It is a dazzling, weird and utterly bonkers collection of songs; released on Ankst in '94, it comprises a heady mix of Welsh-language pop and wonky psych, some parts of which were unaltered from home-recorded versions of the previous two years. Alongside the Matching Mole cover there is, confusingly, another piece named 'O Caroline'which is entirely different. "Euros' 'O Caroline' might be a way of showing he could write a song as beautiful as any of Wyatt's," says Emyr Glyn Williams, co-founder of Ankst Records. She continues, "I remember them saying that Kevin Avers' Shoot At The Moon was the best record ever made — so clearly they had a strong love for the Canterbury/Soft Machine/Kevin Ayers period."

That fact that Tatay includes a cover of'O Caroline', their own tune of the same title and a song named'Robert Wyatt' could be interpreted as an attempt to construct their own version of Soft Machine. Williams continues. "Importantly, their first producer Alan Holmes was a very knowledgeable musician who loved all these bands as well, and that led to a lot of freedom in expressing ideas and experimenting with recording techniques. It gave a sense of total freedom for the band whilst recording at Gorwel Owen's studio - so maybe they fed on the 'perceived' historical notion of group freedom they imagined would have existed in the original Canterbury Scene."




When asked about the appeal of Gorky's version, Williams says, "The effect it physically has on me — from the first drum machine to the woozy organ, I'm helplessly in thrall to it. I also love it because it's the original cassette demo version (done at home) with minimal studio polishing — as they couldn't replicate the 'feel' and also the specific quality of the vocal sound."

Where Matching Mole lead the listener up the garden path, Mellotron flute and piano unfolding in the shade while an irregular metronome beat flutters like a heart being squeezed, Gorky's version begins with a recording of the band bickering at what might be some ungodly hour. Perhaps it's a tour bus, a recording studio or in the ethanol haze of an early, post-party morning. Either way, its beauty stems from the fact that it seems to concern the decision to boil a kettle.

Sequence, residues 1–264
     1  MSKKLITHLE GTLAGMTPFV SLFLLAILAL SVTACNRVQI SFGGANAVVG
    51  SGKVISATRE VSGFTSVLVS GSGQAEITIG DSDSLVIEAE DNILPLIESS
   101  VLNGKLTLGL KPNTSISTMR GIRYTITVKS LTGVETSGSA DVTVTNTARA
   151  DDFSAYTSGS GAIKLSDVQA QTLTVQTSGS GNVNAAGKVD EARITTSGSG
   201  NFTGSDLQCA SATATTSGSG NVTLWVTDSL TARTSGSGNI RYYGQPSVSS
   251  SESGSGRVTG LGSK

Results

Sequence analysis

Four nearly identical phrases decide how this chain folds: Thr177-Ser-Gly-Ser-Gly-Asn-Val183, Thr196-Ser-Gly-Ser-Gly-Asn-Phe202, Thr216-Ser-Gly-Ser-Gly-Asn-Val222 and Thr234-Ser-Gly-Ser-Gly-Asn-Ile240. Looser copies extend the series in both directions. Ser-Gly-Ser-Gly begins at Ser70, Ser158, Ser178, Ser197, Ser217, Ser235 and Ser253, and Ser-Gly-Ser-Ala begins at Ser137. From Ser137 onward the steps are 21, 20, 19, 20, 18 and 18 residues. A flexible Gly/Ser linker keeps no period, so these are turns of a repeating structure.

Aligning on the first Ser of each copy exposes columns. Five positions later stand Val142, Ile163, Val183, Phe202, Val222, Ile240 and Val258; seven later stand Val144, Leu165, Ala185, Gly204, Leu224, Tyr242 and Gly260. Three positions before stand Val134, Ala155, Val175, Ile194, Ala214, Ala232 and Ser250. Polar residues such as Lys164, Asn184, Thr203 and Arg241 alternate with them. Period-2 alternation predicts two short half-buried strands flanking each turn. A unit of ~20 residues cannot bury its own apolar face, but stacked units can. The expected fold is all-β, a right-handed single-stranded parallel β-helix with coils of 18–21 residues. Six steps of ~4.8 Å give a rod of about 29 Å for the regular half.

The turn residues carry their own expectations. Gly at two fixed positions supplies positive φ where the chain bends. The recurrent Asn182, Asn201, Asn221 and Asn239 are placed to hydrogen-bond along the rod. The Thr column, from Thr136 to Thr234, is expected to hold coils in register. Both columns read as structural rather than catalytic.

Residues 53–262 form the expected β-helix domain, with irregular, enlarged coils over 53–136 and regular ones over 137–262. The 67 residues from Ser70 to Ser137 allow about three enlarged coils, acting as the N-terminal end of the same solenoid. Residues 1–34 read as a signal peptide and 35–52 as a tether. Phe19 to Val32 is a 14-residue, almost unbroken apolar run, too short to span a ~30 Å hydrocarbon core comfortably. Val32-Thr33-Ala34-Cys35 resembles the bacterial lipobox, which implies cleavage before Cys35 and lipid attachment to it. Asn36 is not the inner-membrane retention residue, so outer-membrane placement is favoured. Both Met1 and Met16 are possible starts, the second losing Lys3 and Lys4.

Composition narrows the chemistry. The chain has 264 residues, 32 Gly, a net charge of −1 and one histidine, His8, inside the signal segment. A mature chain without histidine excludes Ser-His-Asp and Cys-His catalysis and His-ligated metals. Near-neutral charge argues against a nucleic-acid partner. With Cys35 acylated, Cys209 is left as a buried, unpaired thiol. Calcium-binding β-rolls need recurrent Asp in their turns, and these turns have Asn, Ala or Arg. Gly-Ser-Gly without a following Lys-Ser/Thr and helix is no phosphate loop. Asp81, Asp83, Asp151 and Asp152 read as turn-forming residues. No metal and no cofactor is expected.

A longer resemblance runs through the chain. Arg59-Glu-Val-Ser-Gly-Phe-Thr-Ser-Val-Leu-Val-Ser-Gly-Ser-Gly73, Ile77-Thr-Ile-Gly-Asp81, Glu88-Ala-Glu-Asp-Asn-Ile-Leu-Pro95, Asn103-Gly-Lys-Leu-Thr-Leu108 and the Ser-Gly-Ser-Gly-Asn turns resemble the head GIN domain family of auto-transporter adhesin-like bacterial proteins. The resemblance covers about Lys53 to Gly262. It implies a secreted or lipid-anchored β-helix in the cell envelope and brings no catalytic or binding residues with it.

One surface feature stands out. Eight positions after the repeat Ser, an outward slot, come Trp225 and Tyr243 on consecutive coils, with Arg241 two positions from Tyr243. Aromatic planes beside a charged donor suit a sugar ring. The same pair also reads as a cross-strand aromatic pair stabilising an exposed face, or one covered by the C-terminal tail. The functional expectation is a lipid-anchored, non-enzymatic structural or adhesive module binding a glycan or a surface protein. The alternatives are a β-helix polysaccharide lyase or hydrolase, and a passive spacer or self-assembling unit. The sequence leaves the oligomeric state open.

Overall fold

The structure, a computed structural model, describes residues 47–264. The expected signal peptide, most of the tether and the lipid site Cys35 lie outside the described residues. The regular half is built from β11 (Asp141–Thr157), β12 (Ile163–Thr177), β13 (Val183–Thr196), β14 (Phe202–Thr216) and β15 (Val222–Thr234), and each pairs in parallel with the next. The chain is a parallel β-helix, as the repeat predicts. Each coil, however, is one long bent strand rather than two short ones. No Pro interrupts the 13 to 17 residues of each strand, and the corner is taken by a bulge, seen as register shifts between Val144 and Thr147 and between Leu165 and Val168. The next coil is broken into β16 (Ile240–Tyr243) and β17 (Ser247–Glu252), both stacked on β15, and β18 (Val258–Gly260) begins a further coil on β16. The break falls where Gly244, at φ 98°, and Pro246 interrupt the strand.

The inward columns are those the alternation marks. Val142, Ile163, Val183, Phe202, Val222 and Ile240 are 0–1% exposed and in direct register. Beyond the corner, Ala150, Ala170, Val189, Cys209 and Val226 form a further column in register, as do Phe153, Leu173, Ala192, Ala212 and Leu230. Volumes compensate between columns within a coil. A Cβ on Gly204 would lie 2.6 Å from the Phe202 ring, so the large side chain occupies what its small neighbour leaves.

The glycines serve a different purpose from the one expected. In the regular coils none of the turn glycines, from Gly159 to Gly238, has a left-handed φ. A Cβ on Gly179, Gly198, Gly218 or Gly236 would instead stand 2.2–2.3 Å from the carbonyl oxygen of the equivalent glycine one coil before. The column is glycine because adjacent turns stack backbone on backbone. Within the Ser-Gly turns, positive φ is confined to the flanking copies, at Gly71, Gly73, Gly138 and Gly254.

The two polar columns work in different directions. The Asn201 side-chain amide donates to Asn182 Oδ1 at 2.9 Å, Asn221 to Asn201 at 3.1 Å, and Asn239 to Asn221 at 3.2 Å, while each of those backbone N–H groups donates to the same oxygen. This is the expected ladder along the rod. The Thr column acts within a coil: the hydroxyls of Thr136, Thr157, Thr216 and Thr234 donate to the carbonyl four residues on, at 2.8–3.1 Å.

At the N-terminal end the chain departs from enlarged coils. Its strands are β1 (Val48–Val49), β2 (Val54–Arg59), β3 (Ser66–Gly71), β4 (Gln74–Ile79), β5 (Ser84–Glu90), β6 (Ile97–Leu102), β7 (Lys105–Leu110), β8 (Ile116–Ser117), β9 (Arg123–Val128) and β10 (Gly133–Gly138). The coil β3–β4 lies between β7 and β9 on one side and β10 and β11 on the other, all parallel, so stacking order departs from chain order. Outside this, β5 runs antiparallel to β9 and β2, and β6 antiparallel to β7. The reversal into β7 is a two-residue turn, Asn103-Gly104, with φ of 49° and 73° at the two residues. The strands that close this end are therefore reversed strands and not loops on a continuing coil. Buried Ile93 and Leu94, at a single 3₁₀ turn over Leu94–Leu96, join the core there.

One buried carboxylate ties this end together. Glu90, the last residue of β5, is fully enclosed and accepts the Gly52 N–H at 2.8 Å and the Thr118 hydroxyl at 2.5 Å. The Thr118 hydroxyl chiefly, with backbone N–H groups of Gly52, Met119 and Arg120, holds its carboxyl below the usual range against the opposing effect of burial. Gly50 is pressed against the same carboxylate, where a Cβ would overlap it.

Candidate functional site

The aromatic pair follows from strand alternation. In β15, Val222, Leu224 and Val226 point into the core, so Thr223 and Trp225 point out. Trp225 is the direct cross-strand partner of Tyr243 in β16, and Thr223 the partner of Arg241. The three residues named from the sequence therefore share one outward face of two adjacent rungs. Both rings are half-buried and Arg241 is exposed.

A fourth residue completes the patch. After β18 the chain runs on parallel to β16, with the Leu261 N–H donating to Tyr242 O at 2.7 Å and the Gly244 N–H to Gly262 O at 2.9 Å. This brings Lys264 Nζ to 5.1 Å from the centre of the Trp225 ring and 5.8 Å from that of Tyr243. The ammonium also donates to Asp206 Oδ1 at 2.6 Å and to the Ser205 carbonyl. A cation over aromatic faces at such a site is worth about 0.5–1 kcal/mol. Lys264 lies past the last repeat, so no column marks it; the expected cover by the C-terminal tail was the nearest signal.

Alan Holmes (the producer of Tatay mentioned previously by Williams) describes how he came to be involved. "One day in '92, Euros Childs phoned me to ask if I would produce their new album. Of course I jumped at the chance to work with them and Euros sent me a cassette of demos that included a version of Matching Mole's 'O Caroline'. I was taken aback that these young people had recorded a version of a song that was one of my very favourites when I was their age, but had thought to be long forgotten."





So, just as the original lyrics could be a coded love letter to his old band members, Gorky's cover version of'O Caroline' is itself a love letter to Wyatt, Ayers, The Soft Machine and Matching Mole, all of whom are owed a huge creative credit by GZM. By covering the song, they are not only highlighting the aesthetic connections to which they aspire, but revealing an honesty, purity and wit that would come to define their work up until their split in 2006.

Spencer Tomson